This study shows that, in the period 2008 to 2011, a time before CO2 standards for trucks came into effect in the US, truck prices increased but fuel efficiency remained broadly static. Coming into force in 2011, standards ensured the deployment of fuel saving technologies and brought about a 24% fuel efficiency gain from 2011 to 2017.
This is T&E's report on why Europe’s obsession with diesel cars is bad for its economy, its drivers and the environment.
The EU is negotiating trade deals with Mercosur (Argentina, Brazil, Paraguay and Uruguay), Indonesia, and soon Malaysia, These trade deals represent a risk for the EU’s sustainable transport plans. All mentioned countries are producers and exporters of crop-based biofuels, especially from palm and soybean oil that have higher overall emissions than fossil diesel. All ongoing negotiations include chapters on energy and raw materials.
This report assesses how the EU and Nordic countries could achieve zero GHG road freight and buses by 2050. The report analysed “off the shelf” technologies and strategies (defined as low hanging fruit), such as improving fuel efficiency in diesel trucks or moving more freight into railways. In addition, it also assessed how we could move beyond “low hanging fruit” and fully decarbonise the road freight sector. For this we looked at technologies such as catenary-hybrid, battery electric, hydrogen and power to liquid. All of this information was fed into T&E’s in-house transport model.
Last July, the European Commission’s Strategy for Low Emission Mobility promised a ‘phaseout of food-based biofuels’. However, this promise of a phase-out is not visible in Annex X of a leaked draft proposal of the Renewable Energy Directive (RED). The leak points to the Commission’s intention to keep 3.8% of 1G biofuels in transport fuels in 2030. This is only 1.1 percentage point less than the 4.9% share of 1G biofuels in transport in 2014. In this briefing T&E analyses: how much would the Commission’s draft proposal increase EU transport greenhouse gas (GHG) emissions in the 2021-2030 period compared to a ‘proper’ phase-out of 1G biofuels?; how much underestimation of EU transport GHG emissions in the 2021-2030 period would the draft proposal lead to – as a result of the zero-counting of biofuels – compared to a ‘proper’ phase-out of 1G fuels?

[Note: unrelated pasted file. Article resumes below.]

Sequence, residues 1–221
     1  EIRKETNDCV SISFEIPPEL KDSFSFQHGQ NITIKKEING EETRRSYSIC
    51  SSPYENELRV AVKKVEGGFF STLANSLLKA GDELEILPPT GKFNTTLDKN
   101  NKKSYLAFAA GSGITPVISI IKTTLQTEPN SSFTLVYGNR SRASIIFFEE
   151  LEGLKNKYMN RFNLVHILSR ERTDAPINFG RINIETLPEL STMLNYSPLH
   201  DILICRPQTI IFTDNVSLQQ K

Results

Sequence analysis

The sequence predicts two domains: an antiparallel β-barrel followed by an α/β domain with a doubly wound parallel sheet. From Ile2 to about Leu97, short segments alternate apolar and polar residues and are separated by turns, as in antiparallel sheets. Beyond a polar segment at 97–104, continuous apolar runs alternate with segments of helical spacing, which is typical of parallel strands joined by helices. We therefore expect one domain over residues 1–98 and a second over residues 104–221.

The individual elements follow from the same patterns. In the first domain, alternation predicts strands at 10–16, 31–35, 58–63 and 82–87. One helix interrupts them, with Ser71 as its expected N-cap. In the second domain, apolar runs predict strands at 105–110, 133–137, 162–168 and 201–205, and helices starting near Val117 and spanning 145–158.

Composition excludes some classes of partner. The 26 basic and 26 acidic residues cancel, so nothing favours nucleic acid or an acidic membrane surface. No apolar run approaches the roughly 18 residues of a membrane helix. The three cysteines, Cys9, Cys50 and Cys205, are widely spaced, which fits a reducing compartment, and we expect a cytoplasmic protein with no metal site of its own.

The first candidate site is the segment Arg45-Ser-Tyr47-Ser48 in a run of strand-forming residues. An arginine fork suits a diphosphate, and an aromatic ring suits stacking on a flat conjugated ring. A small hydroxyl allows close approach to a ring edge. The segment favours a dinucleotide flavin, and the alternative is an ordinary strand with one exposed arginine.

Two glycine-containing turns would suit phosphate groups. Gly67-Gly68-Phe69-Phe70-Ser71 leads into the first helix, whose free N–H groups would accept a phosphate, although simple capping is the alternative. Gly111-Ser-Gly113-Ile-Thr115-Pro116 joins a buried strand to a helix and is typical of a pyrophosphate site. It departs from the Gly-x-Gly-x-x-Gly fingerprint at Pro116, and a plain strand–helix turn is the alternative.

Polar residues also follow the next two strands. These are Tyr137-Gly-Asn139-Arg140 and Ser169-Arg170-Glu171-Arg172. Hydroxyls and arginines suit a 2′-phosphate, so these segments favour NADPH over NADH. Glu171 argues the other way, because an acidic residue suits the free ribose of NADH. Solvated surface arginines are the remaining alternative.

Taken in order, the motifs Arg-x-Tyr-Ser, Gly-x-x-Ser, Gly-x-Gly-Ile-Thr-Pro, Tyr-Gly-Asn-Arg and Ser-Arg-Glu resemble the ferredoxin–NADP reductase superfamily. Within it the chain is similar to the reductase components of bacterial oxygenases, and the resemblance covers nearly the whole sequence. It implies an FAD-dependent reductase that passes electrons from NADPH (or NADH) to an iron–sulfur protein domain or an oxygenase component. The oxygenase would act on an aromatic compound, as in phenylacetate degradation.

After having demonstrated in 2016 that indirect TPMS could be optimised to pass the regulatory test but fail to perform appropriately on the road, Transport & Environment (T&E) commissioned Dekra to carry out an independent on-road field survey to measure tyre pressure of about 1,000 cars in Italy and Portugal from random drivers.
The 2050 strategy being developed by the European Commission for the 2019 UN Climate Change Conference (COP25) is of key importance to the future of European climate policy. The strategy's central aim is to guide European climate policy towards adhering to the Paris climate agreement, ie how to reduce greenhouse gas emissions from all sectors of the economy to limit global temperature rises to well below 2ºC. In this paper T&E describes the model and reports on some of its technical limitations and proposes measures to ensure robust, trustworthy modelling.
Fuelling Spain’s Future: How to boost the economy while leaving carbon behind shows that improving the efficiency of cars and increasing the number of zero emissions vehicles on the road will lead to a larger economy.
Spain has to reduce its non-ETS greenhouse gas emissions by 26% in 2030, and transport is the highest emitter within these non-ETS sectors. As a result, and also to comply with the EU's long-term decarbonisation goals and the Paris agreement, Spain must take urgent and robust action to reduce the emissions in transport. In this report for the European Climate Initiative (EUKI), T&E analyses and proposes a series of key actions that Spain should undertake to decarbonise transport.
Carmakers are failing to achieve their own targets for sales of battery electric and plug-in hybrid models as they do not increase the offer of these vehicles fast enough. While manufacturers complain about a lack of recharging infrastructure and incentives, this report by T&E makes it clear that they could have done significantly more to meet their own goals.